Some of Vancouver’s oldest buildings are located near Mount Pleasant’s original intersection, where 7th Avenue, Main Street and Kingsway meet. And, thanks to a unique set of metaphysical forces, so are some of the city’s most vocal residents.
Ten thousand years of First Nations history, the pre-automobile development of the Victorian-era “Village Feel”, the industrial boom of Brewery Creek and the pioneering (gentrifying) artists of the ‘70s made Mount Pleasant an ideal site in the ‘90s for the city’s first artist live/work studios.
Now, just outside those fiercely protected studio doors, the shadows of the False Creek condo developments stretch across Main towards the 15 high-end art galleries of the newly established Flats and the future site of the United We Can bottle recycling facility.
The colonies that built up around independent businesses intimidate the uninitiated while “friendlier” big name chains are relegated mostly to throughways, where locals might loiter only while waiting for the bus.
The forces at work on Main Street have resulted in both coruscating diamonds and workaday coal. And inside the Vancouver Brewery Garage at 255 East 7th sits 21st century cultural carbon.
The building is a Mission Revival-style auto body turned mixed-use heritage space that, as you go door to door, introduces you to LPY Studios (home of acclaimed Canadian artists Lawrence Paul Yuxweluptun, Shawn Hunt and Graeme Berglund), Make (a full-service creative agency) and the long-awaited, soon-to-open Main Street Brewing.
It is the perfect cross-section of the Main Street family tree.
So, one sunny March afternoon, representatives of each branch — fine arts, marketing and manufacturing/hospitality — sat down to offer their perspectives.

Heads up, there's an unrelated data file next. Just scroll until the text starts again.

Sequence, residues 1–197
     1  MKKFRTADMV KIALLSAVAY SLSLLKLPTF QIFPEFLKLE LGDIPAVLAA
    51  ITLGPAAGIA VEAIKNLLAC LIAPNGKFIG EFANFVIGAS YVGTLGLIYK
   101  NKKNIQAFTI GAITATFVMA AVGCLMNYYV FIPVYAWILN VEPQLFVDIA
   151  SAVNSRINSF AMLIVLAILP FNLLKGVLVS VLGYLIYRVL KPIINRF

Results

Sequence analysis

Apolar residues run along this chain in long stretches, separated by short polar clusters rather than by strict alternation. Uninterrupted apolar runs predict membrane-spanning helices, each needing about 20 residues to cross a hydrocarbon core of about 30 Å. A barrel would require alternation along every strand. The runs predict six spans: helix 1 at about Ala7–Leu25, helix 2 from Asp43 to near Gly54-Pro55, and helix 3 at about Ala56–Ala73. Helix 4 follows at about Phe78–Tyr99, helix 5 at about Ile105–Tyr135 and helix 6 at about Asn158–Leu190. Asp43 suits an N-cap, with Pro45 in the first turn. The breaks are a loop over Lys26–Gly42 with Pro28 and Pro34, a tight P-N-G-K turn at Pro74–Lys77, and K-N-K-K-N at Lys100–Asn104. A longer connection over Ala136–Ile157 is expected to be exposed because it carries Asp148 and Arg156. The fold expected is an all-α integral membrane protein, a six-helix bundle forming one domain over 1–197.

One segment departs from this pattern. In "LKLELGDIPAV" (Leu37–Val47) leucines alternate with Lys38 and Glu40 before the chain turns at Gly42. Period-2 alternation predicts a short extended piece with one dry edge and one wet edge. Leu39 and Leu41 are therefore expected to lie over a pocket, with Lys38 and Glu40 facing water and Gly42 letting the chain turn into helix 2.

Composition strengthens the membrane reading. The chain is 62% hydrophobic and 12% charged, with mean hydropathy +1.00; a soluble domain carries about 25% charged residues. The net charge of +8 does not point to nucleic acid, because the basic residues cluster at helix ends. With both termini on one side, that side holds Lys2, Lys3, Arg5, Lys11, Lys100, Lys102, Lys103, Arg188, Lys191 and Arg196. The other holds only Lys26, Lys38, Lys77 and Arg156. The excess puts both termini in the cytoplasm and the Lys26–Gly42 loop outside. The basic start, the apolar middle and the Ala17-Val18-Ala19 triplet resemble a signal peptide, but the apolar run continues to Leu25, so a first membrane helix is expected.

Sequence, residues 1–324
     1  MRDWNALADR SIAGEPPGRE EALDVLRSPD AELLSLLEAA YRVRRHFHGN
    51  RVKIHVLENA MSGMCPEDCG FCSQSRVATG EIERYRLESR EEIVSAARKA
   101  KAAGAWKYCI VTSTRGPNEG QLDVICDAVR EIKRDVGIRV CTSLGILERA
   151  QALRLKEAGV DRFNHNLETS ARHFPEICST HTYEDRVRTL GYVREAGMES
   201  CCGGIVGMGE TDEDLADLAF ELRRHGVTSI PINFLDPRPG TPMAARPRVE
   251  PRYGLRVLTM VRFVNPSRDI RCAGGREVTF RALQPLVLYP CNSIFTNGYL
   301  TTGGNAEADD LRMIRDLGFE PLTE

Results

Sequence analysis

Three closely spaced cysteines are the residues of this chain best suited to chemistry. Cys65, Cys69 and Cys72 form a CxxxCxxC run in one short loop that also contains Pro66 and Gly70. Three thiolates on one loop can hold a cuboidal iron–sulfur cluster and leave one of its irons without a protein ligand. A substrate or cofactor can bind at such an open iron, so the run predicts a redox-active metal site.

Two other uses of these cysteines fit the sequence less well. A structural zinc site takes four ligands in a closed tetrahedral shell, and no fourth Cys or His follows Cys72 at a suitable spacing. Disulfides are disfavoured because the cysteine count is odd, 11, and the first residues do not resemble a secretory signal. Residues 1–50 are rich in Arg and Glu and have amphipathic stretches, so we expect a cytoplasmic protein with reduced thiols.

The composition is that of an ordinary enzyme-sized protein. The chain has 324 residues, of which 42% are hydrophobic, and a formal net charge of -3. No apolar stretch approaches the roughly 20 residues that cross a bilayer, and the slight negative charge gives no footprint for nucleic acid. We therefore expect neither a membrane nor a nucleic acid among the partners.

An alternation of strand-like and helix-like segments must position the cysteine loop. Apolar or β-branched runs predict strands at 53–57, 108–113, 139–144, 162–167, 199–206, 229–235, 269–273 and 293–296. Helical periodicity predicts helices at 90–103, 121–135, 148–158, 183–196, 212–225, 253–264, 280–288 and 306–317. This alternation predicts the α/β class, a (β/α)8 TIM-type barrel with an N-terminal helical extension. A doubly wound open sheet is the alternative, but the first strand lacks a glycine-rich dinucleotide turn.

It would be impossible to recreate the hour-long round table here, so the transcript is available online. But as the conversation went on, a number of pressure points were struck.
Make owner Sarah Tesla, a Main Street resident for 10 years whose agency employs seven other people, got the discussion going by saying she opened in the area to stay connected to an artistic community and offer her clients a less stressful experience than downtown.
For revered Coast Salish artist Lawrence Paul Yuxweluptun (“man of many masks”), his studio sits on the land of his ancestors.
Paul, a graduate of Emily Carr and one of Canada’s preeminent political First Nations painters, (or simply Vancouver’s “oldest hipster” if you believe his studiomates), merges Native iconography and surrealist influence to address West Coast Native issues.
In his 17 years living in the area, he says he’s seen an influx of human beings, bars, beers and beards. (Main Street often looks a lot like Middle Earth, he joked.)
Despite her amusement at the imagery, this promoted a surprising declaration from Tesla that Main Street is no longer the hipster epicentre of Vancouver.
And the group unanimously agreed, with Berglund — musician, painter and founder of The Cheaper Show (“Buy Art Not Cocaine”) — saying that particular Main Street trend peaked five years ago, with financial pressures such as lease rates and renovictions “displacing and dispersing” the hipster demographic into Chinatown and Strathcona.
Moving in, continued Berglund, are the “Wealthy White People” (WWPs), including (his claim, not mine) post-modern Heiltsuk artist Shawn Hunt, who moved to Vancouver from the Sunshine Coast in 2012 to paint with Paul and Berglund.